Shortly thereafter the Red Bulls pitted, with Ricciardo getting first dibs and taking on ultrasoft tyres. Verstappen pitted a lap later and, thanks to the ‘overcut’, actually emerged back ahead of his teammate. Up front, Bottas continued to have a steady lead but would need to pit at some stage, preferably with enough time to get out and catch Vettel, whilst not getting too caught up behind Hamilton. Timing would be crucial, though as it happened, it would ultimately be irrelevant.
Lap 40 saw that moment, the ‘Senna/Prost’ moment. Ricciardo had once again caught Verstappen and once again Verstappen was closing off the inside line of turn 1. Ricciardo feinted a move and Verstappen moved to cover, then quicked moved back, arguably in the braking zone, which is against regulations. Ricciardo was carrying a lot of speed and went right into the back of Verstappen, putting both Red Bulls out of the race. Red Bull team principal Christian Horner cut an angry figure as he stormed off the team offices, no doubt prepared for a passionate conversation. A safety car was deployed and it saw Bottas, Vettel, Hamilton and a recovering Raikkonen all stop for fresh ultrasoft tyres. Slowly but surely the marshalls removed the Red Bulls and their debris, though the safety car period got extended by another crash, this time the Haas of Romain Grosjean, who had ended up sixth after being well down the order. He lost control whilst weaving to get heat into his tyres, putting his car straight into the wall. Oddly, he tried to blame the Sauber of Marcus Ericsson, but replays showed he had simply lost control.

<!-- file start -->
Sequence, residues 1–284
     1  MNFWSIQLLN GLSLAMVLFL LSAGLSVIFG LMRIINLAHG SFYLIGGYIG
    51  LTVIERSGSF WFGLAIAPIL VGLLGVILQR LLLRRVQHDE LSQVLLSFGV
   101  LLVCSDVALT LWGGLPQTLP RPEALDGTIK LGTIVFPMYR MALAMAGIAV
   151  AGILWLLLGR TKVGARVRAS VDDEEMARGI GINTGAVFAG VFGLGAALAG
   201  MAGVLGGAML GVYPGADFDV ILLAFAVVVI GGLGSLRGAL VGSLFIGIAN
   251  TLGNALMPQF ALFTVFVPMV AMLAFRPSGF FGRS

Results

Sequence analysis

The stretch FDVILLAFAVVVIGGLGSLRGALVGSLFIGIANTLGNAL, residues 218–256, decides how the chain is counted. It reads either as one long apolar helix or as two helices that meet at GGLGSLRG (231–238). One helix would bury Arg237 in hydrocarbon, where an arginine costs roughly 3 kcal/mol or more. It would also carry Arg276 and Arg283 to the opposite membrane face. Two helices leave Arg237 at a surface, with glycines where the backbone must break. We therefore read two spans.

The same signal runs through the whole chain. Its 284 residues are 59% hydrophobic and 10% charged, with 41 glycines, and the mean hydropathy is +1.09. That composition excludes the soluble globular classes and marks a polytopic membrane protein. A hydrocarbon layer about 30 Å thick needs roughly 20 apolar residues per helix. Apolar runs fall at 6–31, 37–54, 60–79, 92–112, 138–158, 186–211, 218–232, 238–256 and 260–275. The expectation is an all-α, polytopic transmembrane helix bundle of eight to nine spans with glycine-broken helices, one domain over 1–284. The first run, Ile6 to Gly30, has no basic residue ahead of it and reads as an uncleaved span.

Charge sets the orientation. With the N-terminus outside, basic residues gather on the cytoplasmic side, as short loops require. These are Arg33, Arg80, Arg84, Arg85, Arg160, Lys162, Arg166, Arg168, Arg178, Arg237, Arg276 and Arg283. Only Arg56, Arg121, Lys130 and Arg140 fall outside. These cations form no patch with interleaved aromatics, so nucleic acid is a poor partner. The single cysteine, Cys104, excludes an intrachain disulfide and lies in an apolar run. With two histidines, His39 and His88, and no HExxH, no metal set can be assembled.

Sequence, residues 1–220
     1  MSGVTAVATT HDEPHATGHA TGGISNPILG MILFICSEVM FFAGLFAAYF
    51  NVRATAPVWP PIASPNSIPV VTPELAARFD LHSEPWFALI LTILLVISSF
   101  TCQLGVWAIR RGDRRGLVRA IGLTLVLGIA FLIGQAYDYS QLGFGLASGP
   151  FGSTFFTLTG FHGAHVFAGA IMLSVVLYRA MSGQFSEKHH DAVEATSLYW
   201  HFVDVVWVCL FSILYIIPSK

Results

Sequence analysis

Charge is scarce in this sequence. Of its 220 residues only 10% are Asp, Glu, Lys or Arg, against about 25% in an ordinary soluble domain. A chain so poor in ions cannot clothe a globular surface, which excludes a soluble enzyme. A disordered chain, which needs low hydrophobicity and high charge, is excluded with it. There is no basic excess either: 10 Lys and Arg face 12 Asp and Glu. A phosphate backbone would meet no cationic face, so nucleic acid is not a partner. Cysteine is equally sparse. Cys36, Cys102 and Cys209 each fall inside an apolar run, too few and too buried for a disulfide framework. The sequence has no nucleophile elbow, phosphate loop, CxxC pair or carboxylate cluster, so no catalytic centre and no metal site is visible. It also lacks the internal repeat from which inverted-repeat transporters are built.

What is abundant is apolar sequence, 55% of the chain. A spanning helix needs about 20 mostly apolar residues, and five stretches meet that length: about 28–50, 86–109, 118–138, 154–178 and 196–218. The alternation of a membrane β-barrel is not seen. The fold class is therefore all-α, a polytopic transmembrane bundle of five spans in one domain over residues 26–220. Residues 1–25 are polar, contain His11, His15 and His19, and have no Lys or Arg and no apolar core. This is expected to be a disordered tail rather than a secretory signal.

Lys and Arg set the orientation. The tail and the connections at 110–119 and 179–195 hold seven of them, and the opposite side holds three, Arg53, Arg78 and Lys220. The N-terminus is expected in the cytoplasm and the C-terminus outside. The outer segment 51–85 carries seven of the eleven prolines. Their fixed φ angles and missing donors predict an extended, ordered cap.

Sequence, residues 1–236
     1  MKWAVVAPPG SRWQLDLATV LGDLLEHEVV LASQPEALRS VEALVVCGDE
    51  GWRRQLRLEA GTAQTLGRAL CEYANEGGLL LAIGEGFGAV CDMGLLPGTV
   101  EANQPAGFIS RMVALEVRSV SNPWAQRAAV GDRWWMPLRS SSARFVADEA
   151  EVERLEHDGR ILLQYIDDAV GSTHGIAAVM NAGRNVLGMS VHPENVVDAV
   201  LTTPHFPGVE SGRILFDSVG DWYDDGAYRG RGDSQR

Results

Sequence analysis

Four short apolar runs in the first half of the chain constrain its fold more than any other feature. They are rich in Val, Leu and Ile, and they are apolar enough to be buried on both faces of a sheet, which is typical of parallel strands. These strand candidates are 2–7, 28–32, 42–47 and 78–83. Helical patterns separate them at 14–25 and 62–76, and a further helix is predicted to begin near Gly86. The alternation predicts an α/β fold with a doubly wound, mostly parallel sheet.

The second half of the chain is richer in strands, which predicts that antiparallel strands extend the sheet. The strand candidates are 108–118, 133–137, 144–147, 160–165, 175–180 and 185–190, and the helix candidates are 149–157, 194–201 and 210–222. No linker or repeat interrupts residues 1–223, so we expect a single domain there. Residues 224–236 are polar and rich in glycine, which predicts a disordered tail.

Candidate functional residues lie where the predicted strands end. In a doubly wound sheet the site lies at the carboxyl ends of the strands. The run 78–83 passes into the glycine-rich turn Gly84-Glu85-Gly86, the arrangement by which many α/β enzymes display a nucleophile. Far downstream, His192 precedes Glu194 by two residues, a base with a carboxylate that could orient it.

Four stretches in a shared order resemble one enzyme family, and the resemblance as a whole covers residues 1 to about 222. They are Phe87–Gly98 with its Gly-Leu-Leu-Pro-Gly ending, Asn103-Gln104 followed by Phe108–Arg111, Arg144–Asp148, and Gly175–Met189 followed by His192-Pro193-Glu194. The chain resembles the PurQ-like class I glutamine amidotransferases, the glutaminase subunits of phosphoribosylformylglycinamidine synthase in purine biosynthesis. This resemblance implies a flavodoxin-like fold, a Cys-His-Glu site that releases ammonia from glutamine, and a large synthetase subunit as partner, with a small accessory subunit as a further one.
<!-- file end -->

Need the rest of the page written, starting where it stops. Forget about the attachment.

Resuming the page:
It took a while, but with four laps to go the race finally restarted and Vettel, determined to regain the lead and take what had been a reasonably certain win, tried to bolt past Bottas up the inside of turn 1, but locked up, massively hurting his front-left tyre and allowing both Hamilton and teammate Raikkonen to get past. Bottas started to pull away from Hamilton and Hamilton was in turn pulling away from Raikkonen, whilst Vettel was starting to fall into the clutches of Perez. All of a sudden Mercedes looked set for a one-two finish, but there was another sting in the tale, or rather, a sting in the tyre of the desperately unlucky Bottas, who ran over a piece of missed debris and suffered a puncture on the run toward turn 1. This allowed Hamilton to take the lead, who would go on to claim his first win of 2018, in an unlikely fashion. Raikkonen came home second whilst Perez took third for Force India, with Vettel having to settle for fourth.
The chaotic nature of the race also held some strong performances from unexpected quarters – Charles Leclerc didn’t lose his head and took full advantage of the race’s circumstances to finish sixth for Sauber. Ahead of him was the quick and pacey Renault of Sainz. Alonso, despite a damaged car, managed seventh for McLaren and Lance Stroll claimed points for Williams with eighth. Ninth went to Stoffel Vandoorne in the second McLaren and Brendon Hartley took his first points in Formula 1 with 10th for Toro Rosso. All in all, eight of the ten teams in F1 scored points – admittedly because of retirements – but you can only seize the opportunity that’s presented, with several drivers doing exactly that. Luck has demonstrated its role in proceedings too – Vettel might have won if not for the safety car, but equally, his impetous nature was costly – he might have had other chances to get by Bottas. Hamilton meanwhile took win 63 of his career but admitted that Bottas and Vettel had better races. Elsewhere, both Ricciardo and Verstappen have accepted joint responsibility for their crash, though how this might influence Ricciardo’s career plans remains to be seen.
As I said at the beginning, Azerbaijan has demonstrated how things can change so rapidly in F1. From being victorious in China two weeks, to a DNF here around the streets of Baku for Daniel Ricciardo. Two weeks ago, Sebastian Vettel led the championship and should have extended that lead. Instead, Lewis Hamilon leads on 70 points, four clear of his rival. Kimi Raikkonen had leapfrogged his compatriot Valtteri Bottas to third, on 48 points. What will Spain bring us?